Anyway, where was I? Oh yes. Seeing as my brother and I travelled by train, we had to wait till the afternoon for the rest of our family to arrive. However, due to cancelled flights they didn't arrive till late evening. Naturally I had a siesta before going off to venture down La Rambla and experience its nightlife. Did you know that there's a Museum of Erotica down there? The entry is free and you get a free drink ... Yeah, you're right, it's probably really tacky. I should avoid it at all costs....
Sunday 28th August
Went on a tour of La Sagrada Familia. Wow.
|La Sagrada Familia|
|Look, there's a snake. How subtle of Gaudi! (If you don't understand my comment, the two statues represent Judas giving Jesus the "kiss of death")|
|All it takes is a "de" and the lift would take on a whole new role|
I never fail to feel incredibly emotional when I am exposed to magnificent ecclesiastical structures such as Gaudi's.
Unfortunately, shortly after touring Sagrada Familia I began to feel a bit ill. Well maybe more than a bit. Burning up in an air-conditioned restaurant, ice rapidly melting on my neck and forehead, the room spinning and the imminent feeling of passing out was not fun. If my family didn't pack me into a taxi when they did I probably would have collapsed. Whoops.
|An example of how most family photos turn out|
Spent the next three hours experiencing a pain I had never felt before. After dozing off I felt like I needed to make up for the lost hours, so I went to venture around the Gothic Quarter (my family continued gallivanting during my 'siesta' upon my insistence).
Initially I got lost - all the streets look the same in that part of town. I finally found the Cathedral, albeit the south entrance that lead into the cloister. I quite like when churches are relatively empty. It's in the silence that one can fully appreciate the beauty of one's immediate surroundings.
|The interior of the Cathedral|
Joined by my brother - the others didn't fancy it - we set off. What. A. Bore. I got to hear the Catalan version of 'Mack the Knife' with an accordion accompaniment though, so that was something....
|How can one even attempt to be graceful with menus this big?|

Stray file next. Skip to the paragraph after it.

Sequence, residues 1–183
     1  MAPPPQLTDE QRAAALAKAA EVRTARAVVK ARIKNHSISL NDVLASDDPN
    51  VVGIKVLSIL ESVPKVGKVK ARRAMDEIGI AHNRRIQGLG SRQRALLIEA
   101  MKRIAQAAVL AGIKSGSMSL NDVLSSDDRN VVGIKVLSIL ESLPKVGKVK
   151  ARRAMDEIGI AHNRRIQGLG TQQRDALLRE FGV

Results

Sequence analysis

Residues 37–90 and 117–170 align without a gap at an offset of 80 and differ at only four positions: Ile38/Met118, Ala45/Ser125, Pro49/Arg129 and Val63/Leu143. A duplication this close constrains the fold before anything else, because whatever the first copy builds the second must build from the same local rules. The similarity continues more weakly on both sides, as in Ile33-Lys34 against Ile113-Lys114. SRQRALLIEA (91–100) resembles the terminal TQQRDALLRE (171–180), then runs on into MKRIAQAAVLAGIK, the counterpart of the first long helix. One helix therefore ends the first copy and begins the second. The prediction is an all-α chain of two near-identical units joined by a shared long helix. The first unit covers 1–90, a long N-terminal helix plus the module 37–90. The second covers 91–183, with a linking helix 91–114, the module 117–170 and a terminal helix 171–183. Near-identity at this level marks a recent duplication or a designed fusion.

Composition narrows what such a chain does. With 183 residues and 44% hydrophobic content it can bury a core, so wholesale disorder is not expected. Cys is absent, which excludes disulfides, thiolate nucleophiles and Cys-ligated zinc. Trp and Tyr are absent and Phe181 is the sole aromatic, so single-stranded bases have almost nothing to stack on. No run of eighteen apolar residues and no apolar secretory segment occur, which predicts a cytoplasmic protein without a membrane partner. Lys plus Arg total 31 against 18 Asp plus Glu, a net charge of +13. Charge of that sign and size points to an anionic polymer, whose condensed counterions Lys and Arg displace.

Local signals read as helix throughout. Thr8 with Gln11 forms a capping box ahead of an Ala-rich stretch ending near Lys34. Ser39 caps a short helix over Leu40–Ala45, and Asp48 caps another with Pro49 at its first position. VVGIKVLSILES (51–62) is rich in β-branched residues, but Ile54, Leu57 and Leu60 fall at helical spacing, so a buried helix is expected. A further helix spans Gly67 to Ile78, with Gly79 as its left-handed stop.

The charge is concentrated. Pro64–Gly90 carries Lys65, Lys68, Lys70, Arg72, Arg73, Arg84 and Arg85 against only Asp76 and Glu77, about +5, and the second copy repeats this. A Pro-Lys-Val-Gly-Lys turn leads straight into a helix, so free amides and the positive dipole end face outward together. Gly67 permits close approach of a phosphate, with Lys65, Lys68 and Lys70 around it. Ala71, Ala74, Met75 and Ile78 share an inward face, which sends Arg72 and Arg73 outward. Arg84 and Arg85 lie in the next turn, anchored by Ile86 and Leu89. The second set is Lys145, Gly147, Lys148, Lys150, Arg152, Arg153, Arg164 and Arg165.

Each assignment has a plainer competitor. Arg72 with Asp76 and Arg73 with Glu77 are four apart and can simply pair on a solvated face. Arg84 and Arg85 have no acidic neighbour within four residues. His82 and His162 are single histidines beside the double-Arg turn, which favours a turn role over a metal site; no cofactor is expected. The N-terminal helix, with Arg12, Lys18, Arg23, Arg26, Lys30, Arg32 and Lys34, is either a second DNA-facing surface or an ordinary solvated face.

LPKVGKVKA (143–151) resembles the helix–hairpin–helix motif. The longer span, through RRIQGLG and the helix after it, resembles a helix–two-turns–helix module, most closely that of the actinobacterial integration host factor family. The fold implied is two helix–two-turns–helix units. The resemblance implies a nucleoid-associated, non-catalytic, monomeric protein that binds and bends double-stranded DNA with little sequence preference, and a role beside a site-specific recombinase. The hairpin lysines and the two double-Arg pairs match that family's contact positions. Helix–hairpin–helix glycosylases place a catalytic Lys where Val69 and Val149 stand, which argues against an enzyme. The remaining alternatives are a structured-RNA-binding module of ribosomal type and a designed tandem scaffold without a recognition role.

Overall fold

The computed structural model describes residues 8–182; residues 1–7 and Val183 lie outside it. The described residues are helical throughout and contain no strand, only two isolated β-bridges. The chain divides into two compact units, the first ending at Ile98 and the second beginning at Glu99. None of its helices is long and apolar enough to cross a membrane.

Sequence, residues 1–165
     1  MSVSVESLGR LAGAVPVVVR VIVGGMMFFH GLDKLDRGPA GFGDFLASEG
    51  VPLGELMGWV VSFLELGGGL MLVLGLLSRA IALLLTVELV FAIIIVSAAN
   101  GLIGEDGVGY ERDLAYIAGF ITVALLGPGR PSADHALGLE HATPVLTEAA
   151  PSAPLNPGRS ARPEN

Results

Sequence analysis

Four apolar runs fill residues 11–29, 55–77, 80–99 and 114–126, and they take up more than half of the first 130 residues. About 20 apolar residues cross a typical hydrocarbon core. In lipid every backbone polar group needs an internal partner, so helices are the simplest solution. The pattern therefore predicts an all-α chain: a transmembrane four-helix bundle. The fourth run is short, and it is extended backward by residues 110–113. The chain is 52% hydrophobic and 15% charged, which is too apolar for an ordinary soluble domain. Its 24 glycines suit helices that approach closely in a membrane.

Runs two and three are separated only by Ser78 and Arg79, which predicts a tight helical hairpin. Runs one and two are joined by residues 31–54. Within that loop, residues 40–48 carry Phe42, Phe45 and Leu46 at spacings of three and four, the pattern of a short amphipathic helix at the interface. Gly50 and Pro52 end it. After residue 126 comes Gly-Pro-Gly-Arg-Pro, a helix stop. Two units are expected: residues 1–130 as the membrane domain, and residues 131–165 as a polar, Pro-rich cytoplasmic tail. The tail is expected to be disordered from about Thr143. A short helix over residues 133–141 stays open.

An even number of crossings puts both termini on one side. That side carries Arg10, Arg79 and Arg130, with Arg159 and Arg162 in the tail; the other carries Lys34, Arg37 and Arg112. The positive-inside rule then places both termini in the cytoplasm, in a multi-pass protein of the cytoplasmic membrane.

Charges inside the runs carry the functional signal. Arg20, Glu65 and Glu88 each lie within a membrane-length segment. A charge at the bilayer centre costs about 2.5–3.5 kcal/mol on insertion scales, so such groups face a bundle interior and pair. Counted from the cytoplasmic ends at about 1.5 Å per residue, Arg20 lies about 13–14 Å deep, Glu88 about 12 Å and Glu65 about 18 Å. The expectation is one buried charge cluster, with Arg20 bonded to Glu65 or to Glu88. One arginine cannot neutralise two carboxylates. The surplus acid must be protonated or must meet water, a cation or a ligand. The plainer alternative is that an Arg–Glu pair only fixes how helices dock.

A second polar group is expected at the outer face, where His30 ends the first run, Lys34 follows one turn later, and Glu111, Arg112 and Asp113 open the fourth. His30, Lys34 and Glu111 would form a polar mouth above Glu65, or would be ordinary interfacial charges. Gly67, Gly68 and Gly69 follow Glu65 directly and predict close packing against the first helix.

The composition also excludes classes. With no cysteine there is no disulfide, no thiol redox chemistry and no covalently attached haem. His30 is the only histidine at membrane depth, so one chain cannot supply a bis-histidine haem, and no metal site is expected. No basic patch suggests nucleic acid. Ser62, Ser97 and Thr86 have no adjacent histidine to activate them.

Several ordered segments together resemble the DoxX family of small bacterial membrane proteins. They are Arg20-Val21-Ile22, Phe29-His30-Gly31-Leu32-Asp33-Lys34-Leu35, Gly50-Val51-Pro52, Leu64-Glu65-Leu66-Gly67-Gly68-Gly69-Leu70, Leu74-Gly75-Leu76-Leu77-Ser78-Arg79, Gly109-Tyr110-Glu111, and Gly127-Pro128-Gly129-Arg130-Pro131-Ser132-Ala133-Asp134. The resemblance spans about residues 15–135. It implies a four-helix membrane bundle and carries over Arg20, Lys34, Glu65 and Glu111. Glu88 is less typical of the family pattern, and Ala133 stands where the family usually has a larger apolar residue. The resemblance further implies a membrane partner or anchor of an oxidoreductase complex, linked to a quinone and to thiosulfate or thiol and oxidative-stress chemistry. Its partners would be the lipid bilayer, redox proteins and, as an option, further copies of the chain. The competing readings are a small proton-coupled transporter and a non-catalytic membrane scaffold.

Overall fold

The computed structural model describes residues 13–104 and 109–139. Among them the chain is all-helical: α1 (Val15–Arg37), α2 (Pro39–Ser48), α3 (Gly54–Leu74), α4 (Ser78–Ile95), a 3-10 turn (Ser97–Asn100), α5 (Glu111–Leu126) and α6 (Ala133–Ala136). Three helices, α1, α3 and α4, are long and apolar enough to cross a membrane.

Walking back up La Rambla we stopped to have dinner, though it felt more like we'd stopped at a bar looking at the size of their Sangria glasses! Meh, it was "nice" nonetheless.
|I do love Sangria|
Monday 29th August
Went to morning Mass at the Cathedral. I'm not sure how people normally cope in warmer weather (it was 29 degrees), because boy was it hot in church. No one with bare shoulders is allowed admittance into the church - understandable - but it meant I had to wear a hoodie *she says fanning herself in desperation*
Today was beach day. I'm not really a beach person but I do like having a tan. I can't sunbathe though. After only a few minutes I can't stand the "skin cancer crawling along my skin" as a friend once put it.
|No photoshop skills here. This little sign was already on the beach|
It's never a good thing when something is announced over the tannoy. "Jellyfish ... peligroso ... cuidado", when you hear these words you should really think twice about getting into the water. As expected, the announcements were made in various languages. English: "Beware the jellyfish. If you are allergic don't swim" (or just have someone ready to relieve themselves on you nearby).
Tuesday 30th August
[I think my brother gets lonely. He often just talks to me about these games he plays, and all these American shows he watches even though I'm clearly doing other things or tell I him I don't understand. Right now, sitting on the train to Paris, he's telling me about shrink rays in Shangri-La used by Nazis *shrugs*]